It’s the story of a wayward wife/wicked step-mother. But, let’s face it, no one cares about that. We have all come to see a pre-fame Rudolph Valentino do his stuff on the silver screen. You know, look fabulous and play rough with the ladies. And does he ever.
An Italian leading man? It’ll never work, I tell you!
We’ve all seen them listed by our friendly movie rental service. Those low-budget movies with a future star in a minor role. Once our star hits it big, their older films are rereleased like clockwork. So what if she only appeared for two seconds and had exactly one line of dialogue? On the cover she goes!
This is hardly a modern phenomenon. While a few actors hit it big from the start, most have to struggle and scrape and take what work they can until they catch that elusive big break.
Valentino’s lean times lasted from the mid-1910s until the release of The Four Horsemen of the Apocalypse and The Sheik in 1921. In that time, he had built up a resume that swung between extra work and playing oily foreigners after the virtue of American women. (The Delicious Little Devil with Mae Murray and All Night with Carmel Myers were two of his good guy roles during this period.)
After his phenomenal rise to stardom, Valentino’s early films were dusted off and re-released. Some were even recut to further emphasize his presence. The Married Virgin had been a low-budget affair that had barely made an impact in 1918. Apparently, the producers neglected to pay the crew and the film was trapped in limbo before dying with a whimper. In the twenties, it was retitled Frivolous Wives (in an apparent attempt to capitalize on both Valentino and Erich von Stroheim) and the film proudly blared that it had the sheik himself in a major role.
This leaves us with a question. Is the movie any good in itself or is it just worth it for Valentino fans? Let’s take a look and see for ourselves.
The heroine of the film is Mary McMillon (Vera Sisson), a wealthy young lady who has won the heart of Douglas McKee (Frank Newburg), a crusading attorney. Mary lives with her father (Edward Jobson) and step-mother, Ethel (Kathleen Kirkham). Ethel is obsessed with maintaining her beauty. You see, she is carrying on with the notorious Count Roberto di San Fraccini.
Three guesses as to who plays him.
Our wayward wife is infatuated with the handsome Roberto, who has a title but not a bean to his name. And this is where the limitations of the English language come into play. There’s no true equivalent word for a male mistress. Valentino’s character is often referred to as a gigolo but to me that indicates a class difference where none exists in the film. I mean, he’s a mistress, only a guy. Paramour is technically correct but makes it sound too… romantic, I guess. Ditto for the more generic inamorato. The right word just doesn’t seem to exist. Therefore, I shall be referring to him by a wonderful portmanteau that I ran across some years ago: misteress.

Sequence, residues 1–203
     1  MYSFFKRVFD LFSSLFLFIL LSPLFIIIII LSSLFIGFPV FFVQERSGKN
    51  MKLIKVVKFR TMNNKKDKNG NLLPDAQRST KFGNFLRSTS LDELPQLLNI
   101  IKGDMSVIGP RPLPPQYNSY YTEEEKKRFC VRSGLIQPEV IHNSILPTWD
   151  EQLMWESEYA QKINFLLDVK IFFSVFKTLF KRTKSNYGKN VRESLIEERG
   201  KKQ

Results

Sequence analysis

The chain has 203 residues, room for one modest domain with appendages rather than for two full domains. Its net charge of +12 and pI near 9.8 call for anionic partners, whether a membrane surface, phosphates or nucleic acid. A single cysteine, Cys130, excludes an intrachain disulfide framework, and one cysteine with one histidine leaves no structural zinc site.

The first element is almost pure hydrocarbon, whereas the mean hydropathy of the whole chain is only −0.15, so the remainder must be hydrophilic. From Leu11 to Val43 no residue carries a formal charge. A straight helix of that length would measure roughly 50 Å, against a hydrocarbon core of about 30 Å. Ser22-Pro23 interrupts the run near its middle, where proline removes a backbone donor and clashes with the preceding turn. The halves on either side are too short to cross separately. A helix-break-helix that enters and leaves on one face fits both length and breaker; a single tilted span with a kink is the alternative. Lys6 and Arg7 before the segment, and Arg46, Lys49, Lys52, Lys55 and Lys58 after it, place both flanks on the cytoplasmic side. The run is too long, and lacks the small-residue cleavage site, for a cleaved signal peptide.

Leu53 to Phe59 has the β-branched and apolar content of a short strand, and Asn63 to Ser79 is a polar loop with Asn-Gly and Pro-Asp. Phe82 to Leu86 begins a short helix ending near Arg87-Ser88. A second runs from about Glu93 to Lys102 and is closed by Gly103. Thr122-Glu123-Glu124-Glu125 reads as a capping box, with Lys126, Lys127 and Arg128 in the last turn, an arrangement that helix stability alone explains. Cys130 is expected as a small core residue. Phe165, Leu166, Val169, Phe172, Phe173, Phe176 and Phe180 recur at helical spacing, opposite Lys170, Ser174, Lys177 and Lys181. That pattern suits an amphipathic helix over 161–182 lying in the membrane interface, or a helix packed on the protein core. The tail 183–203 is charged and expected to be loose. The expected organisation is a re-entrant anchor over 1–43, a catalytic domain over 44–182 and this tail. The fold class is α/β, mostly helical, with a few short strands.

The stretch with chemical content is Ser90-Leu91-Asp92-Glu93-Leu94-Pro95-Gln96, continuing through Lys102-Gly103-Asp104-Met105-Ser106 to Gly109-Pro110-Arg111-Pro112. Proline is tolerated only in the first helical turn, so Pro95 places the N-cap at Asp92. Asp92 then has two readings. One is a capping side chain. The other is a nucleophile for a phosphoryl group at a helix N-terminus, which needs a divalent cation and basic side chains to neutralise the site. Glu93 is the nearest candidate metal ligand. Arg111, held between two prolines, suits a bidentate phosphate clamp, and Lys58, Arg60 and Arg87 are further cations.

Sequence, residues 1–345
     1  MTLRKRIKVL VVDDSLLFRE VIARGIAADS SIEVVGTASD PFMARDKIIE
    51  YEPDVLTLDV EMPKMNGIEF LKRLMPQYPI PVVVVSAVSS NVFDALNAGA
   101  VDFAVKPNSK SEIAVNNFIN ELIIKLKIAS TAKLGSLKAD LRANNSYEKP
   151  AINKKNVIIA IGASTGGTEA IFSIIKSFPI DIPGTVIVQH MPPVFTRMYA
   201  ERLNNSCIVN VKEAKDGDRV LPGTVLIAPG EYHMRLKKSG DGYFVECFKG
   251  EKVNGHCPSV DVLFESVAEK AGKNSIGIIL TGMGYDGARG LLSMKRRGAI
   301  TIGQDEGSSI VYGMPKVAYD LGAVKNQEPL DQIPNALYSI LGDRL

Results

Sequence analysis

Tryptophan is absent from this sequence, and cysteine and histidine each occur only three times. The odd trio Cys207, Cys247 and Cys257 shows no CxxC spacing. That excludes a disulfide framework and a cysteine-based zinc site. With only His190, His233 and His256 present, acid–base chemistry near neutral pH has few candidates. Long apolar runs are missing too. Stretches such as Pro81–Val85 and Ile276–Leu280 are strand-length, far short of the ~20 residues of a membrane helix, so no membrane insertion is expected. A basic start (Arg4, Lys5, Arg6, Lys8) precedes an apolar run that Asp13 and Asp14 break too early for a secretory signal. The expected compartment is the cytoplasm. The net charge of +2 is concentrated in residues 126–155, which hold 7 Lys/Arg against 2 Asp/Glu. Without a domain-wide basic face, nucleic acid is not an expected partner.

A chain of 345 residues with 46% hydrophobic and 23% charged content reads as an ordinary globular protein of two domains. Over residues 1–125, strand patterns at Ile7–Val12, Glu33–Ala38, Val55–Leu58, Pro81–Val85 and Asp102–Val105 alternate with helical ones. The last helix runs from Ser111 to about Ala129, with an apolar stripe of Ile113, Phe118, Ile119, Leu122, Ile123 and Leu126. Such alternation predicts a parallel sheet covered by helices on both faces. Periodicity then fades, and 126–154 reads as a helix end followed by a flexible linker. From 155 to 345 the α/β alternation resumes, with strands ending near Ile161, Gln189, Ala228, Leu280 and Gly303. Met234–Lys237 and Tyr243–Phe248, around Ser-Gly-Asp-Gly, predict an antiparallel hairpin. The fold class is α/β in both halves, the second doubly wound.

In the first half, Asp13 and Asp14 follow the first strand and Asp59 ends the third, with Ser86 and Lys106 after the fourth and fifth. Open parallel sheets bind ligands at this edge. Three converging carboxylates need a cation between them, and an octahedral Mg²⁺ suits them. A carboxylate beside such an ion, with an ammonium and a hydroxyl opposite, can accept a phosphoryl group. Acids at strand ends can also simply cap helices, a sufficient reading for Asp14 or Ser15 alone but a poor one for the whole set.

Anyway, Mary and Douglas (hee hee heeeeee) are so happy and cute and adorable and sweet and in love that you just want to shoot them. However, Ethel has arranged to spend the summer at the Hotel del Coronado (of Some Like it Hot fame) with Mary and the couple must part.
Of course, Ethel’s real reason is to spend time with Roberto away from her husband. In order to keep her misteress in cash, Ethel gives him a pistol that her husband used to murder a political rival. Roberto can use it to blackmail McMillan. Well, that was certainly out of left field. But carry on!
McMillan refuses to pay the blackmail so Roberto has a new idea. He will marry Mary (merry?) and use her dowry to elope to Argentina with Ethel, where they will dance a hot tango together. Ethel is incredulous at throwing a younger woman Roberto’s way but he assures her it is strictly business. (I’ll just bet. A very, very old business indeed.)
It seems that no one on Coronado has heard of babysitters or leashes as Mary is saddled with caring for a whole herd of rug rats. One of the rotters escapes and decides it would be grand to walk into the ocean. Mary can’t catch him because he’s in the water. I mean, she has a choice between letting a toddler drown and soaking her beautiful shoes. Of course she’s going to let the little monster die.
Roberto swoops in and saves the kid. Mary is grateful as the paperwork would have been a nightmare if she had lost him. This scene reminded me of The Gashlycrumb Tinies. You have read The Gashlycrumb Tinies, right? Do it at once! “M is for Maude who was swept out to sea…” Now I have visions of the entire book being played out as Mary the careless caretaker looks on. “U is for Una who slipped down a drain. V is for Victor squashed under a train.”
Why, yes, I am morbid and possess a twisted sense of humor. Have you only just noticed? And, yes, I do have a Gashlycrumb Tinies lunchbox. Don’t judge.